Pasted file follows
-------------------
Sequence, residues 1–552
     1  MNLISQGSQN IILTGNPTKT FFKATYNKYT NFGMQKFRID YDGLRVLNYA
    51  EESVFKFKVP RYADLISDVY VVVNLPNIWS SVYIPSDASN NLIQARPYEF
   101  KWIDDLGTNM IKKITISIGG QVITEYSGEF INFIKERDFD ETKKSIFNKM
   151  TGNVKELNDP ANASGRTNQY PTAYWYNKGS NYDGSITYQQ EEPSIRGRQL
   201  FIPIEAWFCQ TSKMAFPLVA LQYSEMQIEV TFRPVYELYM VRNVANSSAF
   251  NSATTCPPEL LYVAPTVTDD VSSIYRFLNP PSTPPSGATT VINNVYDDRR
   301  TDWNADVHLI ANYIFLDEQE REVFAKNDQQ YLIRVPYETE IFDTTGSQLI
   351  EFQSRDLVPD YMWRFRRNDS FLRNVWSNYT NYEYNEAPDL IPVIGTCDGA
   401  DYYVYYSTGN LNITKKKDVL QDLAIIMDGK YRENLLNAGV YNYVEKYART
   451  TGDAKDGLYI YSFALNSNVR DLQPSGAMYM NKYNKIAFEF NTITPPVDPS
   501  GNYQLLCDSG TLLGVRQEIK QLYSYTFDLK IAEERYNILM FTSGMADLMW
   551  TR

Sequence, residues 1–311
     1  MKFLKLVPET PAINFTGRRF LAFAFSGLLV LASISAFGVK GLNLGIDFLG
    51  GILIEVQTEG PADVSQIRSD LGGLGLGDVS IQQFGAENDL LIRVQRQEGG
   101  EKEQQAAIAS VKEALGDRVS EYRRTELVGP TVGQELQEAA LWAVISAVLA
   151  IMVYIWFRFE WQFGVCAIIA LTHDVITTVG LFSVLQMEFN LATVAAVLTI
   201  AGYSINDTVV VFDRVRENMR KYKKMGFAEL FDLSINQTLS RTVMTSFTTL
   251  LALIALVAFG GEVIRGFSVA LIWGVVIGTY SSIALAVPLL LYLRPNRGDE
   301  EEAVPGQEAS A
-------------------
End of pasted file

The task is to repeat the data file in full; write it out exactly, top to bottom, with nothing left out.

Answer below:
Sequence, residues 1–552
     1  MNLISQGSQN IILTGNPTKT FFKATYNKYT NFGMQKFRID YDGLRVLNYA
    51  EESVFKFKVP RYADLISDVY VVVNLPNIWS SVYIPSDASN NLIQARPYEF
   101  KWIDDLGTNM IKKITISIGG QVITEYSGEF INFIKERDFD ETKKSIFNKM
   151  TGNVKELNDP ANASGRTNQY PTAYWYNKGS NYDGSITYQQ EEPSIRGRQL
   201  FIPIEAWFCQ TSKMAFPLVA LQYSEMQIEV TFRPVYELYM VRNVANSSAF
   251  NSATTCPPEL LYVAPTVTDD VSSIYRFLNP PSTPPSGATT VINNVYDDRR
   301  TDWNADVHLI ANYIFLDEQE REVFAKNDQQ YLIRVPYETE IFDTTGSQLI
   351  EFQSRDLVPD YMWRFRRNDS FLRNVWSNYT NYEYNEAPDL IPVIGTCDGA
   401  DYYVYYSTGN LNITKKKDVL QDLAIIMDGK YRENLLNAGV YNYVEKYART
   451  TGDAKDGLYI YSFALNSNVR DLQPSGAMYM NKYNKIAFEF NTITPPVDPS
   501  GNYQLLCDSG TLLGVRQEIK QLYSYTFDLK IAEERYNILM FTSGMADLMW
   551  TR

Sequence, residues 1–311
     1  MKFLKLVPET PAINFTGRRF LAFAFSGLLV LASISAFGVK GLNLGIDFLG
    51  GILIEVQTEG PADVSQIRSD LGGLGLGDVS IQQFGAENDL LIRVQRQEGG
   101  EKEQQAAIAS VKEALGDRVS EYRRTELVGP TVGQELQEAA LWAVISAVLA
   151  IMVYIWFRFE WQFGVCAIIA LTHDVITTVG LFSVLQMEFN LATVAAVLTI
   201  AGYSINDTVV VFDRVRENMR KYKKMGFAEL FDLSINQTLS RTVMTSFTTL
   251  LALIALVAFG GEVIRGFSVA LIWGVVIGTY SSIALAVPLL LYLRPNRGDE
   301  EEAVPGQEAS A